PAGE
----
“Sir, my friend her just wants her passport. Do you think she could get that, and then worry about sorting out any loans with the loan company?” The agent glared at me.
“This is not you! You are not her! You are not me! What are you doing here! Why are you asking this! I did not ask you to be here!!” I could feel the hatred seething through his clenched teeth. The potential employer gathered her purse to leave, glancing with concern in my direction. Confusion in her eyes she quickly slipped past the angry agent.
“Sir, I am not trying to cause any problems. But you have her passport, and that is illegal. All we want is to get…”
“Out!!! You, I don’t know you! I don’t trust you!! Get out of my office!! You have no right to be talking to me!!!!” The rest of his tangent was in Indonesian, so I have no idea the hateful words he was spewing at me. What I did not miss however, was the fact that he was no more than 4 inches from my face, and his voice was not just raised, he was screaming. For what felt like hours, but in reality was probably only two or three minutes, he screamed in three different languages. First in my face, then he moved over to Eli and began screaming at her things that I did not understand, and she didn’t translate for me. I kept trying to interject, to assure him that we wanted no trouble, that we only wanted what was legally Eli’s. Every time I opened my mouth, he moved back over to me to scream some more. My heart was racing, all the blood had rushed to my face, I was trying to keep myself from shaking. I wanted to appear calm and level-headed. At this point the Chinese woman behind the desk spoke up, I thought to help calm down the angry agent. Instead, SHE started yelling at me as well.
“You must leave now!! If you do not leave, we will call the police! We do not trust you! You have no right to be here! Get out of our office now!!” While she was yelling, the Indonesian man began pacing around the room, yelling to be heard over the woman’s rising voice. The two young girls on the couch were absolutely ashen, afraid. The receptionist with the fancy nails didn’t even look fazed. Eli reached in her pocket to pull out her phone. The agent quickly crossed the room and lunged at Eli, attempting to force the phone from her hand while screaming, “You cannot call anyone! No phones!!” But before he could reach her I jumped in between them, pulling the soccer mom arm out, keeping her behind me, and his malicious face in front of me.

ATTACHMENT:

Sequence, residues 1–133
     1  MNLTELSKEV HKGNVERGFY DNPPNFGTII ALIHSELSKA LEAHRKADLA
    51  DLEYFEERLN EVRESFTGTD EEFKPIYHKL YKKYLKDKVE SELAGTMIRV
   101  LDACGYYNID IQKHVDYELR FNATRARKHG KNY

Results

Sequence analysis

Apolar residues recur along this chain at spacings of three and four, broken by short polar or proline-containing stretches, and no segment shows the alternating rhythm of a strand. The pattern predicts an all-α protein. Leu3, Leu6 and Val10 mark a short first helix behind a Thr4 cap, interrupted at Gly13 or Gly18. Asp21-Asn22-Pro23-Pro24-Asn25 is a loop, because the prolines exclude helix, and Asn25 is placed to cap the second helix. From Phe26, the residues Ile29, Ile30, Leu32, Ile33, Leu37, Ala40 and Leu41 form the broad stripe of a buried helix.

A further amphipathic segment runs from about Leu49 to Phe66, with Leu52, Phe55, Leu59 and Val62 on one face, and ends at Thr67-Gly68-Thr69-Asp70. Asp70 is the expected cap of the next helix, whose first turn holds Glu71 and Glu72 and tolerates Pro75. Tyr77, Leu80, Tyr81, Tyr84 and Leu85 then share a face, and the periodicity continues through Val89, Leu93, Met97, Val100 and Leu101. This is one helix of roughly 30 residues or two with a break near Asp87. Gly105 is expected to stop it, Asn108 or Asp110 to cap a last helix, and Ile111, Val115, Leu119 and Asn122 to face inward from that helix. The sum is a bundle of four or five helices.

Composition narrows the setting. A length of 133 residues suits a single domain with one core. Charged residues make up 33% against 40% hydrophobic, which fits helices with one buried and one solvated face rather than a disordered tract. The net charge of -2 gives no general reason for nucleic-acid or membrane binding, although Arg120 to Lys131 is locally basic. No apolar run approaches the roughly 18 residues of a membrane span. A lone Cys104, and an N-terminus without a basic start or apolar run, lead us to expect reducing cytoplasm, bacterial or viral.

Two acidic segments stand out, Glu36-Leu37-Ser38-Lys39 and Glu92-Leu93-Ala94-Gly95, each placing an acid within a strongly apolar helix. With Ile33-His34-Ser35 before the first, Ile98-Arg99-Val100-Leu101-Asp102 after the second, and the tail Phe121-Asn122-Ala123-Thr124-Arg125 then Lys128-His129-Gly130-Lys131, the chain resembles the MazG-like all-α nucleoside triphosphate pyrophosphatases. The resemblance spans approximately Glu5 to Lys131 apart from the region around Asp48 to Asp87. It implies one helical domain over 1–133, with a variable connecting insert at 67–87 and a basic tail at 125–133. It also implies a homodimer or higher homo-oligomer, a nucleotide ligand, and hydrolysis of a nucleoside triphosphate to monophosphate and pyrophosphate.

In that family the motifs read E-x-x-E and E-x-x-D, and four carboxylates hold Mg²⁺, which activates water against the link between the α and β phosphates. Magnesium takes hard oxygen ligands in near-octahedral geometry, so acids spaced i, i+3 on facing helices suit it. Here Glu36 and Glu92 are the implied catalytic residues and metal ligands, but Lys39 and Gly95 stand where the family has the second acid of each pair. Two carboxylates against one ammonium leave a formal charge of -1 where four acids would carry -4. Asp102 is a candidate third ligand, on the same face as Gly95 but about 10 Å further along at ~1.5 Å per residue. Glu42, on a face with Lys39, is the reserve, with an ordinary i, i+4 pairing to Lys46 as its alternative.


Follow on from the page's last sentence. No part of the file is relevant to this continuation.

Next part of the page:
He marched the door and screamed for me to get out immediately. I told them I was not leaving without Eli.
“Fine! Take her! We don’t want her!! You get nothing from us!! Leave now!!” I told them that I was not leaving without Eli, and Eli was not leaving without her passport. The man walked towards us again. I looked at Eli and she nodded towards the door. There was no sense staying where we weren’t welcome. We stepped right outside of the door frame. They left the door open. With shaking hands, I asked Eli for her phone and called 999 (the Hong Kong version of 911). With the angry agent in my sights, I explained to the police over the phone what had just happened and asked for their assistance. We were told to wait downstairs for them.